Take a trip underground to the Blegny-Mine. Much of Liège’s economy depended on the mining industry here, though, as the mines have now closed, you can now visit them as a historical location. It is, in fact, a UNESCO World Heritage Site, hiding 30-60m below the surface. Tour guides are retired miners so you can really get a taste of their experience, with stories you would not hear anywhere else.


Photo credit: Dennis Jarvis


Perhaps the quietest town on the route, Longwy in France is the last stop before Paris.

Officially built as a city in 1679, as commissioned by Louis XIV, a hexagonal fortification was constructed in order to act as a defence from Luxembourg’s army. Walk along at least part of the fortress to really absorb the city’s historical heritage.

After you’ve explored the centre, take a stroll up Mont Saint Martin for the medieval church at the very top. From here you can see France, Luxembourg and Belgium, making it one of the best viewpoints in the region.

A rather quirky interest affiliated with Longwy is their pottery making. For a history of this visit the Museum of Enamels and Earthenware or find a local, independent pottery shop to see art deco designs on perfectly-moulded earthenware.


Photo credit:  Esther Westerveld 


And finally, we reach Paris.

The Tour de France route actually gets in most of the capital’s top sights. So why not try it for yourself? With bicycle hire available on almost every street, ignore the underground and see the city in the fresh Parisian air.

Cycle along the Seine and take your pick of world-famous monuments to discover. Sitting on the Seine you’ll find the strikingly Gothic cathedral, Notre Dame. The almost white exterior depicts an innocence that is immediately made debateable by the more extravagant design, demonstrating perhaps the religious dichotomies of light and dark, good and evil. From here follow the Seine until you reach the Louvre, the world’s largest museum. Simply wandering round the grounds is impressive, but housed inside is some of the finest art on the planet. Cycle through Jarden des Tuileries until you reach Place de la Concorde, the public square which saw a flood of bloodshed during the Revolution.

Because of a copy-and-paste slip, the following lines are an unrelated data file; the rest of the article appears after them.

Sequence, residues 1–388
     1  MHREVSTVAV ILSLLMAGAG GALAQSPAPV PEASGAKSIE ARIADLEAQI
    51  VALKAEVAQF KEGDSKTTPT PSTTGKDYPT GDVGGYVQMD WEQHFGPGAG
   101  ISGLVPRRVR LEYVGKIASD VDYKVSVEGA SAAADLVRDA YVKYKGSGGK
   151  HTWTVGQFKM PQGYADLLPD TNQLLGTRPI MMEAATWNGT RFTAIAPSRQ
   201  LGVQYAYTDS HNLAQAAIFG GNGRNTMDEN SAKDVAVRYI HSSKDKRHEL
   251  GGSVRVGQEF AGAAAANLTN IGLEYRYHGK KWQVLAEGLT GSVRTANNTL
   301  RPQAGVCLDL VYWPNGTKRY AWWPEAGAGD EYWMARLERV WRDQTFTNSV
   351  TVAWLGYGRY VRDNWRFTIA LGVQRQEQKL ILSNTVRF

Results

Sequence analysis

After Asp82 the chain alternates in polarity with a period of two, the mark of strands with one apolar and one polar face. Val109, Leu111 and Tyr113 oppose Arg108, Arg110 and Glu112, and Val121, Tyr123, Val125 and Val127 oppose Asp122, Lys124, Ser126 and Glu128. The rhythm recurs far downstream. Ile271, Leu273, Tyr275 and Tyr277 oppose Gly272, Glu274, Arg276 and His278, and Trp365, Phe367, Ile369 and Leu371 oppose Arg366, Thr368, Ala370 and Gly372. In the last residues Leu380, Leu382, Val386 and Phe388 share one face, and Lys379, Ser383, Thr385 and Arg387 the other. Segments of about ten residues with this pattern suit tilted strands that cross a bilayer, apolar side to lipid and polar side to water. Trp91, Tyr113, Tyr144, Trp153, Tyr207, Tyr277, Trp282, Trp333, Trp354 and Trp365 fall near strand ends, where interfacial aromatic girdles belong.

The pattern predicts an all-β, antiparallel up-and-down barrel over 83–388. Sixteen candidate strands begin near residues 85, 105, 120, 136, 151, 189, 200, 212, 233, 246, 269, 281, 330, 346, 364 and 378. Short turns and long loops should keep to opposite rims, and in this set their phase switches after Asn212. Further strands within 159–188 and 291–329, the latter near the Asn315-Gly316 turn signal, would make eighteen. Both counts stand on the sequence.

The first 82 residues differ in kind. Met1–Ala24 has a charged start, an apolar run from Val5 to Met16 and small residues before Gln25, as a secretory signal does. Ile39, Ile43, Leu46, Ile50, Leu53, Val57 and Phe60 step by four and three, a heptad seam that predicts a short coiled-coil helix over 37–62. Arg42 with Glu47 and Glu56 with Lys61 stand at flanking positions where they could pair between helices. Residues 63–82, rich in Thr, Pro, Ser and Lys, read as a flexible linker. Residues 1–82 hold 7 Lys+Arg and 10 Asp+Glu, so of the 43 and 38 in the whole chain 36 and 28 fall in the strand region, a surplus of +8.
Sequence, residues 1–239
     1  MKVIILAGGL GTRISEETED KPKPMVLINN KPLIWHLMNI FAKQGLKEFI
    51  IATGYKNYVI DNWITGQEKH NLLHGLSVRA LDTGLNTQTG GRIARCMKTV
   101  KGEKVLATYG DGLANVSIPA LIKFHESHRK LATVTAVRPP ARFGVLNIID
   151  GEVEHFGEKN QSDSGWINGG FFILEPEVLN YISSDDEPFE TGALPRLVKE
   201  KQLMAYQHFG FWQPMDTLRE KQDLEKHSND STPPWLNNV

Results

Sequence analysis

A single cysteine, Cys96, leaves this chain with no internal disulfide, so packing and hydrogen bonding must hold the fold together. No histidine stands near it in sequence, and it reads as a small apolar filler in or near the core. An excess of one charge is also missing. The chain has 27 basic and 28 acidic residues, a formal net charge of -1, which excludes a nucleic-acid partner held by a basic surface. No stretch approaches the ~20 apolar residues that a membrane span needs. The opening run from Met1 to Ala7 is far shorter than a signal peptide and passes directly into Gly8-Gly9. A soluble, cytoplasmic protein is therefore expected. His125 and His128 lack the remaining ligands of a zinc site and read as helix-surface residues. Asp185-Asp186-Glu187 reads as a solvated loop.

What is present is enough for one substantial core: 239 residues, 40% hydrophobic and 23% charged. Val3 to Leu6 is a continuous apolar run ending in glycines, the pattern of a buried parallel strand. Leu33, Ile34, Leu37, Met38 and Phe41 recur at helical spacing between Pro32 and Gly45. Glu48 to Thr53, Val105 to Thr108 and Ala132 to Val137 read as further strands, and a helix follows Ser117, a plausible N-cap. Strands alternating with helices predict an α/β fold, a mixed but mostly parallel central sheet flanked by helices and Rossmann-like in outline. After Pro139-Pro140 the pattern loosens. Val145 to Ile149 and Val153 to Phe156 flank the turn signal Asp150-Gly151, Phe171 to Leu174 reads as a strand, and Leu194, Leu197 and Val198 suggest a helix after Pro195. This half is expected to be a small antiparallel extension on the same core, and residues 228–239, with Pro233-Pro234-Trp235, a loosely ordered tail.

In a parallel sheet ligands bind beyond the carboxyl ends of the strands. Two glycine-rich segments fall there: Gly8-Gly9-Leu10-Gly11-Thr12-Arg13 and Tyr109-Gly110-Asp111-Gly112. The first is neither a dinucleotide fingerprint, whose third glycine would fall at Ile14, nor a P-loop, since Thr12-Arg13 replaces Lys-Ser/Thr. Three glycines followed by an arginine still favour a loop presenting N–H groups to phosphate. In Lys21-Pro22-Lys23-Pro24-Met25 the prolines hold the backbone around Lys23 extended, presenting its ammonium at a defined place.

Head up to the Grand and Petit Palaces, just a stone’s throw from the Arc de Triomphe. However, don’t head there just yet. Instead, cycle over the famous Alexandre III Bridge, marked by the enormous golden structures at the head of it. Once you’re on the other side of the Seine, you’re a short bike ride from the Eiffel Tower. If you time it right you could even have your lunch or dinner as a picnic on Champs des Mars, gazing up at the structural wonder of the Tower as you feast on French delicacies including brie, fresh baguettes and, of course, a glass of wine.

A journey back over the Invalides Bridge will take you over toward Champs-Elysees and the final leg of your own journey. Cycle to the summit of this luxurious and wealthy avenue, under perfectly-pruned trees and passed designer stores and high-end hotels. At the apex of the street is the famous Arc de Triomphe, the finish line of the Tour de France. Representing victory after a long and difficult venture, it is the perfect image for the end of the Tour de France.